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Han China and the Fall of Rome


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#1 Richard Smart

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Posted 09 October 2007 - 11:25 AM

Does anyone have anything on the Historiography of the fall of Rome? I need something for tomorrow and I want to tackle the historiography from Gibbon on... A-level standard??

What about the fall of Han China? I am drawing a complete blank on this one, even internet searches for documents are not helping...

Thanks in advance...
Richard
Richard Smart
Oakland Mills High School
Columbia, MD, USA.

http://learningsmart.org

"There is a forgotten, nay almost forbidden word, which means more to me than any other. That word is England." - Sir Winston Churchill

#2 Richard Smart

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Posted 15 October 2007 - 01:47 AM

Does no one teach Han China or the Fall of the Roman Empire??

I made some stuff on the fall of Rome, but I found very little on Han China. Help would be appreciated!

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Edited by Richard Smart, 15 October 2007 - 01:49 AM.

Richard Smart
Oakland Mills High School
Columbia, MD, USA.

http://learningsmart.org

"There is a forgotten, nay almost forbidden word, which means more to me than any other. That word is England." - Sir Winston Churchill

#3 DAJ Belshaw

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Posted 15 October 2007 - 10:55 AM

Try Google Book Search. :)

Doug :hehe:

#4 Tom Morton

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Posted 16 October 2007 - 01:53 AM

SPICE (Stanford Program on International and Cross-Cultural Education) at http://spice.stanfor...ient_china_the/ has produced a unit on the Han Dynasty that I taught a few years back. I found it very well constructed and engaging. I copied the description below:

This unit addresses a very simple question, a fact of life for all human societies. How and why do we create order in a world whose randomness and order are ours to interpret? What religious, political, economic, philosophical, and other approaches has humankind adopted throughout history? How do these approaches work, and what is their purpose? This unit attempts to give us a taste of one country's answer. Our focus is the Han Dynasty of China, the empire which, during the time of the ancient Roman empire, was able to unite China successfully for an extended period of time (over 400 years), after its predecessor, the Qin Dynasty, first united the whole of China in 221 B.C. but lasted only 15 years.

How was the notion of order central to life in China during the Han Dynasty? The activities contained in this unit examine order in politics, in society, in human relationships, in the relationship to the land, in music, and writing. These six activities provide the conceptual redundancy students need in order to expand their understanding of the concept of order. Resources using a variety of multiple abilities are provided in order to make the content accessible to a wide range of students.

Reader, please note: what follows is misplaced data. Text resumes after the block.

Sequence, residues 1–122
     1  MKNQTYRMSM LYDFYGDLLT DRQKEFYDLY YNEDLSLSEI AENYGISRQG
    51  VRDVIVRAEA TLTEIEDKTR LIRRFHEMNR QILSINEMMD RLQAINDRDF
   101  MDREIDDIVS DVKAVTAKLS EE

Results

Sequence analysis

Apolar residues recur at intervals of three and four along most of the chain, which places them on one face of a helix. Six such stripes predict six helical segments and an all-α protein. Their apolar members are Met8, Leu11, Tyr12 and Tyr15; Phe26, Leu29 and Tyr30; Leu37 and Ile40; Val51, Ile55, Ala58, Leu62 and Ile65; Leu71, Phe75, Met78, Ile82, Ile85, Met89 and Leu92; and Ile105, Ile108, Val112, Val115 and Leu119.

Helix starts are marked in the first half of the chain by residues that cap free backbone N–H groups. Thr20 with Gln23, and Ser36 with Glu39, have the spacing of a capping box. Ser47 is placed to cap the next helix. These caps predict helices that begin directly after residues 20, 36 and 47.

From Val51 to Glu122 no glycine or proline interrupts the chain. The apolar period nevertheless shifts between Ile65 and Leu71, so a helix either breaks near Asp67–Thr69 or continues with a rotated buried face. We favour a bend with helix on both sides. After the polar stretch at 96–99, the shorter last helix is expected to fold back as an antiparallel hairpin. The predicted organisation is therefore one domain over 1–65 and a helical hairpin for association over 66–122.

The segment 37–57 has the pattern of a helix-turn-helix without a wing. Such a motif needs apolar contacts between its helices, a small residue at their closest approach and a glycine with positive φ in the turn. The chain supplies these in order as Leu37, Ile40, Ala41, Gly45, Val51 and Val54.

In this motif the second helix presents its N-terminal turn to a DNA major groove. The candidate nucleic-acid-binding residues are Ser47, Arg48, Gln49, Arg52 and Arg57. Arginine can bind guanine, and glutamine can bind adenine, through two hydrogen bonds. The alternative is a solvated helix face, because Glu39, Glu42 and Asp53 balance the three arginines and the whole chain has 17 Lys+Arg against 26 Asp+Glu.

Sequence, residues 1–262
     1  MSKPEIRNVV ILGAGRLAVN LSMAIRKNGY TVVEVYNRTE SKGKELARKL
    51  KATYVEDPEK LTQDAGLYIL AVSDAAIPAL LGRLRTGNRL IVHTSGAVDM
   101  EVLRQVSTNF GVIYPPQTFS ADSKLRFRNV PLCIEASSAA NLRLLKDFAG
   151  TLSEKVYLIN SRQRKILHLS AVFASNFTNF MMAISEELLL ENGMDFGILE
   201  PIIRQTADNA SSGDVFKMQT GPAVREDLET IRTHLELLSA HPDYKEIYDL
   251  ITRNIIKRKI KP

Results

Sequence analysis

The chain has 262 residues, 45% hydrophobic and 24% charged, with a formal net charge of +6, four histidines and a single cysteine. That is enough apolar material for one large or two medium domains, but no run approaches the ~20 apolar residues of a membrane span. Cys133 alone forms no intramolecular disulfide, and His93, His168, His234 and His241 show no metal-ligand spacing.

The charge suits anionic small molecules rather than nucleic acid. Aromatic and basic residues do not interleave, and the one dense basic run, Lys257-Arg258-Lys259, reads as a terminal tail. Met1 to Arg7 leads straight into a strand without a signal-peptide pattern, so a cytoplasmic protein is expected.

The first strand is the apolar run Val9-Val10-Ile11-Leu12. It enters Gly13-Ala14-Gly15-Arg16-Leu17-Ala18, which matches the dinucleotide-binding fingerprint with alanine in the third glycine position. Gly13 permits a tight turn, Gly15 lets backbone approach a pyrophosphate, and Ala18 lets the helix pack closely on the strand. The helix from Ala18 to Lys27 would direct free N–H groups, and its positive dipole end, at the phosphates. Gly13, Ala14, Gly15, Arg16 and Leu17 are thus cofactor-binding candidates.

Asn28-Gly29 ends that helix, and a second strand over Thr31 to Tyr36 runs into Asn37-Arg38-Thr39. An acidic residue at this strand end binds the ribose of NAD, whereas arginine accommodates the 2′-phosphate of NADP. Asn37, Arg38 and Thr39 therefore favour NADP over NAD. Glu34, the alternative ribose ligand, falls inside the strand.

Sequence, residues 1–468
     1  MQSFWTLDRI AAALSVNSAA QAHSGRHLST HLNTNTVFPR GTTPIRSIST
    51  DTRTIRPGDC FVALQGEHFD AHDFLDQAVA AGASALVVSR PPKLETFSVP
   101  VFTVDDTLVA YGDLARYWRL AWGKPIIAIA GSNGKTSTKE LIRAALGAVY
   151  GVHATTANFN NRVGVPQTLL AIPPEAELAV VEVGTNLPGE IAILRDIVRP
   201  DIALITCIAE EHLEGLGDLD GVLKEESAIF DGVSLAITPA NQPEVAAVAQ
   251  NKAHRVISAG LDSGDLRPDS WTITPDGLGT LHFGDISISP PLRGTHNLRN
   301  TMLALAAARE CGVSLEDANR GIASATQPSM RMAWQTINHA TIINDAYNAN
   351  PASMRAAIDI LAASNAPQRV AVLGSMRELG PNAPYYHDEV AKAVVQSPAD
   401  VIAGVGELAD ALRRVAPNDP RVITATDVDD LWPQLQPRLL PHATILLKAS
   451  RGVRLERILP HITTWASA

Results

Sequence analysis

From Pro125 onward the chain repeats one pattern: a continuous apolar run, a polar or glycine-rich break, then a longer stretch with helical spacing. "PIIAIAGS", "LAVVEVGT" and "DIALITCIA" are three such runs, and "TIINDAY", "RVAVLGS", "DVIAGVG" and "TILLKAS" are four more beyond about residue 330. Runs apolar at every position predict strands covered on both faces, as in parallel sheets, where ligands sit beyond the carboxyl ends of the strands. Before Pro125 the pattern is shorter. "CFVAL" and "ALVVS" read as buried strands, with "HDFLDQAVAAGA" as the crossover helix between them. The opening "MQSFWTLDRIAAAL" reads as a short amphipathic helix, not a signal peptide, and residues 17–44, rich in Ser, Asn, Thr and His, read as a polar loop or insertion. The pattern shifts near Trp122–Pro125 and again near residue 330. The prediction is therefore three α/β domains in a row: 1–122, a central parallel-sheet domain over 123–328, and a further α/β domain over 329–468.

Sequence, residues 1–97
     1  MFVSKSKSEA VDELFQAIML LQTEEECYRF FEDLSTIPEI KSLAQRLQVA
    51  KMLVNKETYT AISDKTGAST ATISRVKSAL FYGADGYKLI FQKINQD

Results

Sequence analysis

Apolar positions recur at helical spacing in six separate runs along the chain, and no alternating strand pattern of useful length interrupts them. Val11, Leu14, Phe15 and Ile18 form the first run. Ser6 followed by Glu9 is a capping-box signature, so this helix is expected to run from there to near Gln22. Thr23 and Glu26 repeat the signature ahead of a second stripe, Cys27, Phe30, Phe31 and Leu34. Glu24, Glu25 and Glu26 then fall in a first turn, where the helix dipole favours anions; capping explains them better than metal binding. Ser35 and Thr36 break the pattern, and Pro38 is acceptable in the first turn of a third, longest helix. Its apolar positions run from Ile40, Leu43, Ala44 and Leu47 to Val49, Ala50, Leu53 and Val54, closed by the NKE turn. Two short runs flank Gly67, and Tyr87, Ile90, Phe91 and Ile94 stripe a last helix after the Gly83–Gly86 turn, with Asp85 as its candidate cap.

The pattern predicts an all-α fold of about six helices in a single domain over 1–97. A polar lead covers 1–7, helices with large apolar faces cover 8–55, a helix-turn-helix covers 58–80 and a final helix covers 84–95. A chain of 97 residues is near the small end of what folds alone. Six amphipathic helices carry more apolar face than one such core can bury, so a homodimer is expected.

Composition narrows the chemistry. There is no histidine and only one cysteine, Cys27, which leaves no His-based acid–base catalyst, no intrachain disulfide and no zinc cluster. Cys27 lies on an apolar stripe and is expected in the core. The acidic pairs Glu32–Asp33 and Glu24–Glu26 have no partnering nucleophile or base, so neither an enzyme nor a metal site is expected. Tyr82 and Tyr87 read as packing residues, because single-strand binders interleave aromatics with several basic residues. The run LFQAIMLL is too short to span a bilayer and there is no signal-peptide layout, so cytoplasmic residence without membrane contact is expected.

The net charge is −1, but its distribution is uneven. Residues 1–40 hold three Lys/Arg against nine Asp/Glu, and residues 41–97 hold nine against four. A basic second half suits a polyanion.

#5 Matt Willett

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Posted 16 October 2007 - 03:59 AM

From looking at your Roman document excerpts, you're basically trying to construct your own Han vs Roman decline DBQ of sorts? I would love to see a team of history professors tackle that one--especially the Han side of it.

The gradual loss of de facto political control by the Han into the era of the Three Kingdoms is considerably more complex and less sexy than the dramatic and more profound portrayals of Rome's collapse in Western Europe. There are of course parallels to be made. Here are some places I would suggest for primary source material:

Chinese Civilization: A Sourcebook. Edited by Patricia Buckley Ebrey

Sources of World History Vol I. Mark A. Kishlansky

Also the best internet repository of East Asian related primary sources is the "Internet East Asian Sourcebook" http://www.fordham.e...tasiasbook.html

For a general survey of Chinese/East Asian history I recommend
East Asia: A Cultural, Social, and Political History by Ebrey, Walthall, and Palais

#6 Richard Smart

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Posted 16 October 2007 - 10:31 AM

Thanks for the ideas.

Tom: Do you think the Stanford until would be appropriate for AP? I don't want to purchase anything that will not be rigorous enough.

Matt: Thanks for the sourcebook reference. I will definitely be purchasing them. You can never have enough primary sources. I was disappointed in the Fordham East Asia sourcebook. I went there last week and found little on my topic, at least compared to their other offerings.

Does this mean that this topic is rarely covered by either English-speaking historians, or indeed our community? The more I study East Asian history, the more interested I become, and the fewer sources I seem to find!